President Bush described Iraq on Saturday as an "enemy until proven otherwise" but reaffirmed he had no timetable for deciding whether to use military force to topple Iraqi President Saddam Hussein, or "for any of our policies in regard to Iraq."
Mr. Bush said a decision on which course of action to take may not come this year.
In Washington, Iraqi opposition leaders heard from Vice President Cheney and met with Defense Secretary Donald Rumsfeld, among the Bush administration's strongest voices for consideration of military action to replace the Iraqi president with a democratic government. They also saw Gen. Richard Myers,
chairman of the Joint Chiefs of Staff.
"We are very optimistic that they will do something to affect regime change," said Sharif Ali of the Iraqi National Congress, referring to U.S. officials. "We are working with them to facilitate that because ultimately the U.S. did agree with us that it was up to the Iraqi people."
The president, speaking to reporters just before a round of golf at the Ridgewood Country Club, said the Iraqi president has "a history of tyranny. I think most people understand he is a danger."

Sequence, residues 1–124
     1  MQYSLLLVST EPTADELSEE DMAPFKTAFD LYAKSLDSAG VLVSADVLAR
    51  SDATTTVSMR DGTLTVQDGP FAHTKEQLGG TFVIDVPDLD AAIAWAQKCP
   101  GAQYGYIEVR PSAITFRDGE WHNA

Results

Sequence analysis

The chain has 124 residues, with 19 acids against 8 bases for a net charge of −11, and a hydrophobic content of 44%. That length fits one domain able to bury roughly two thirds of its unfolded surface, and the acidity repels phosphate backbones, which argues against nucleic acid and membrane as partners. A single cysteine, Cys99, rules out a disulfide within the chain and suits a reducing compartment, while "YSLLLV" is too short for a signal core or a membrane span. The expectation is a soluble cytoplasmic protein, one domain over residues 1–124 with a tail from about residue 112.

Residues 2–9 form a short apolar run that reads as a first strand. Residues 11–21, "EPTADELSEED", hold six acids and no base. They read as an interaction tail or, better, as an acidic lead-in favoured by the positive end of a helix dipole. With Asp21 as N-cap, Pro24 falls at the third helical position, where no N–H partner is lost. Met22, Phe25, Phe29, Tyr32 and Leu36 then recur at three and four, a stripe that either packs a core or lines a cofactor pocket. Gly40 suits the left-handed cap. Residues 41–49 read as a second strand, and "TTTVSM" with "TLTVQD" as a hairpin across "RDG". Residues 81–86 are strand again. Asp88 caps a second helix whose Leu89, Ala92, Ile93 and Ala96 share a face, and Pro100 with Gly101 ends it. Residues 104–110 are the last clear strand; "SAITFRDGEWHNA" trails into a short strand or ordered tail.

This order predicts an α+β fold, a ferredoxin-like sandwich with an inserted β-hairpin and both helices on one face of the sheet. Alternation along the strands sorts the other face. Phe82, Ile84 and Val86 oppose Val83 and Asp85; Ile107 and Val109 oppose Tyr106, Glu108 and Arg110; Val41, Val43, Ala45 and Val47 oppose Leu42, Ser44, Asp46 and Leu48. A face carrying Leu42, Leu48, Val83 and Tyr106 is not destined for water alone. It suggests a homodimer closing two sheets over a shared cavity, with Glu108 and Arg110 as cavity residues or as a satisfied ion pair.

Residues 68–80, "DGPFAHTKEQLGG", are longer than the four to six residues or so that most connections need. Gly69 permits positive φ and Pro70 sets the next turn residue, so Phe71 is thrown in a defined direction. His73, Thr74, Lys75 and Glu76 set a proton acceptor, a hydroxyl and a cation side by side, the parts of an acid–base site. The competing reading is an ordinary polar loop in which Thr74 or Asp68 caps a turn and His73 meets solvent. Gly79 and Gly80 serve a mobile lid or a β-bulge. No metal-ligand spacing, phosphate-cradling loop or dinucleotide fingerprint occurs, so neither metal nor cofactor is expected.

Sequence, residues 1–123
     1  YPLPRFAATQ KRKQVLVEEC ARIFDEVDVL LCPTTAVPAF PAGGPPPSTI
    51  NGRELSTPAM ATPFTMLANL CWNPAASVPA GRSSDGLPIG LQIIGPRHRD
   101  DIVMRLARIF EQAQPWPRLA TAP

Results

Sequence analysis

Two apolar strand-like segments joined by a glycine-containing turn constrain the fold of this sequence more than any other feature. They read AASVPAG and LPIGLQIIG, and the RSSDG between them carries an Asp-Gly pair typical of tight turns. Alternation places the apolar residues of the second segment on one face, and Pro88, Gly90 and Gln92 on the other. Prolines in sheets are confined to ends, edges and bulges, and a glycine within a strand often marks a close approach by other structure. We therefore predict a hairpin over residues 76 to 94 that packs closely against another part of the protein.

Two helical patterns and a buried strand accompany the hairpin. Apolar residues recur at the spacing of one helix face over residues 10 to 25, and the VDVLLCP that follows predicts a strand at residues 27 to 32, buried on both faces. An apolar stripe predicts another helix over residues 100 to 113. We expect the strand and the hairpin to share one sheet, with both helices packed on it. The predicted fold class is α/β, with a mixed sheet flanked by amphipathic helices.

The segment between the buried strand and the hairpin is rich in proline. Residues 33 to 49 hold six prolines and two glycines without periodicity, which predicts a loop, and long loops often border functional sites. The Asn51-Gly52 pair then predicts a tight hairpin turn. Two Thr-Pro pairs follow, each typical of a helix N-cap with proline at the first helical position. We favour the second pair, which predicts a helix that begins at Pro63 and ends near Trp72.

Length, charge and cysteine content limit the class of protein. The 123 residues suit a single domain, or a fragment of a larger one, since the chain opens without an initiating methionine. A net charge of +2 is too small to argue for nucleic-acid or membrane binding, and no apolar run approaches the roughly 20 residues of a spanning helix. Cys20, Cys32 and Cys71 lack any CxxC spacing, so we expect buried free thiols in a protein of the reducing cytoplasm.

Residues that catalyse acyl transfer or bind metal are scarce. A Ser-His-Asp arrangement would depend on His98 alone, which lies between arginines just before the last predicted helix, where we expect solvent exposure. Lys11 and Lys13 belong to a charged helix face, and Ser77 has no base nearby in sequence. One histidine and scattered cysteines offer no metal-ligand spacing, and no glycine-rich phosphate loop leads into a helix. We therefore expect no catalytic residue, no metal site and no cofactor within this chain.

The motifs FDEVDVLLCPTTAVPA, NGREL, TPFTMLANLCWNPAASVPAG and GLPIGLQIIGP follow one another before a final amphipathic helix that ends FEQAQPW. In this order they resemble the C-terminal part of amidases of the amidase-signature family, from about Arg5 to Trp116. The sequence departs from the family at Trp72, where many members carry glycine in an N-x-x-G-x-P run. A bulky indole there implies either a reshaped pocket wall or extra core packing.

Under increasing pressure from some members of Congress and many foreign allies not to launch an unprovoked attack on the longtime Gulf foe, Mr. Bush made clear, as he has done in public speeches, that he has many tools to help the U.S. deal with Iraq.
"And I've also said I am a deliberate person," he added. "So we're in the process of consulting not only with Congress but our friends and allies."
The president has emphasized the consultation process, in an effort to cool
what the White House views as a frenzy of speculation about possible military action.
Asked whether the American people are prepared for U.S. soldiers' deaths in any military campaign aimed at Saddam, Mr. Bush said, "I think that that presumes there's some kind of imminent war plan."
"I want people to fully understand our deep concern about this man, his regime. As I said I have no timetable."
"What I do believe the American people understand is that weapons of mass destruction in the hands of leaders such as Saddam Hussein are very dangerous for ourselves, our allies," the president said.
"They know that when we speak of making the world more safe, we do so not only in the context of al-Qaeda and other terrorist groups, but nations that have proven themselves to be bad neighbors and bad actors," Mr. Bush added.
If the u.s. goes to war, it will likely go it alone, says CBS News correspondent Mark Knoller. The estimated cost of up to $80 billion might have to be born by US taxpayers and not by American allies, as in the last Persian Gulf War, reports Knoller.
Against a backdrop of Iraq's consistent refusal to readmit international weapons inspectors, Mr. Bush told reporters Saturday: "They obviously desire weapons of mass destruction. I presume that he still views us as an enemy."